No business environment is without errors, irrespective of the company’s field or size. However, when the IT department implements a major project that fails to produce the expected results and bring the company the much touted benefits, executive and stakeholder patience is exhausted fairly quickly. A number of explanations for the lack of success of an IT project can be found, ranging from lack of preparation or planning as well as exceeding the resources (financial or otherwise) that the company can afford to allocate. Let’s examine five of the most frequently encountered grounds for failure.
1. Integrating technology that’s cool, but ultimately unnecessary
With the advent of numerous technologies that appear to simplify our lives and the business environment, it’s relatively easy to go overboard. In other words, you could be persuaded by the shiny new features and complex algorithms, and fail to see the fact that a certain project just doesn’t have a place within your company.
When you decide whether or not a certain technology should be implemented, don’t get sidetracked. Always ask yourself why it would be useful and how it could benefit your business, in a strictly objective manner.
2. Commencing the project before the planning phase is finalized
Your IT department may pressure you into accepting their project and starting the implementation ASAP, either because they fail to see the whole picture or because they’re ‘drunk’ on past successes. They tend to work under the assumption that virtually every issue that arises can be solved by throwing more technology at it. Unfortunately, this category of practices is not only ineffective financially, but stands to have potentially disastrous consequences for your operations.
When you don’t draw a strict set of rules and guidelines and plan for every foreseeable outcome, you’re bound to run into problems in the implementation phase. It’s like going fishing without knowing where the lake is.
3. Failing to establish limitations
Without a doubt, all IT projects are liable to a number of changes and additions that would improve its functionality to various extents. However, continuing to perform alterations and adding features without any restrictions, rather than focusing on the core concept inevitably leads to missed deadlines and growing expenditures. Furthermore, those features might not even be useful in the greater order of things.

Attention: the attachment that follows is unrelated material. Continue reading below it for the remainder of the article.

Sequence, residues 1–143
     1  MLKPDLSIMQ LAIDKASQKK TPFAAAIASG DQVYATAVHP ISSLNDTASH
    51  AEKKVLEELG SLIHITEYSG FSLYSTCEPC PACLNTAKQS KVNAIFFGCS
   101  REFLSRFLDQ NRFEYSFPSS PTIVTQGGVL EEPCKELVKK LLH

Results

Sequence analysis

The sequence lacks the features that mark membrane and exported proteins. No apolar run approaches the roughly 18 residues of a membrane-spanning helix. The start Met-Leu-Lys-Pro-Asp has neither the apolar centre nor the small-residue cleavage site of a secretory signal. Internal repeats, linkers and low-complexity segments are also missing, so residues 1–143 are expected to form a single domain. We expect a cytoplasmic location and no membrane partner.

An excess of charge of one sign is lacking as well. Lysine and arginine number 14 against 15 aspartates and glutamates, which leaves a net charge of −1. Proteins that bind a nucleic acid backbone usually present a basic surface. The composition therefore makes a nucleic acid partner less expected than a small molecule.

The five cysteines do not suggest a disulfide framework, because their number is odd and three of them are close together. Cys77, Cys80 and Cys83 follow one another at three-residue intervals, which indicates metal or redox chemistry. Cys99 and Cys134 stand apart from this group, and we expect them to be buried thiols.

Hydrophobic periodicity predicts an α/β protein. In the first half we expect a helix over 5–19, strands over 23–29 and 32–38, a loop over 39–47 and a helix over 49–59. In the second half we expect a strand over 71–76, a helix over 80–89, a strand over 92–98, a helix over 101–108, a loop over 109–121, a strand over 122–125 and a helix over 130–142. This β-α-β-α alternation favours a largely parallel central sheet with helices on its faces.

4. Refusing to pull the plug on a doomed project
Similarly to a poker player who continues to increase his bids in an attempt to recuperate his losses, some managers continue to fund IT projects that are evidently doomed. In other words, because they have already invested significant company resources, pulling the plug seems like a mistake. However, it’s always better to monitor the project in various stages and evaluate the effectiveness and feasibility than to persist in error despite the evidently negative outcome. Set milestones and goals for each of them, and you’ll be able to achieve a clear picture of how well the project is doing.
5. Calculating the ROIs wrongly and overestimating the lifespan of the solution
All IT projects should be evaluated based on their ROI, and this is particularly true when the anticipated expenditure is limited whereas the benefits are presumed to be spectacular. What may initially appear as low cost or even free could come with unexpected piling costs later on that render the whole affair counterproductive.
Finally, don’t forget to plan the strategy for the final days of the IT solution you intend to implement. As the project progresses, you will be faced with numerous requests for additions, tweaking, updates and maintenance expenses. There is a threshold after which it would be better to implement a new solution rather than pour vast amounts of resources into up-keeping the current one. To avoid failure, it will also be best to go for IT consulting services so that you will not waste time and money on IT solutions that will not work for your business.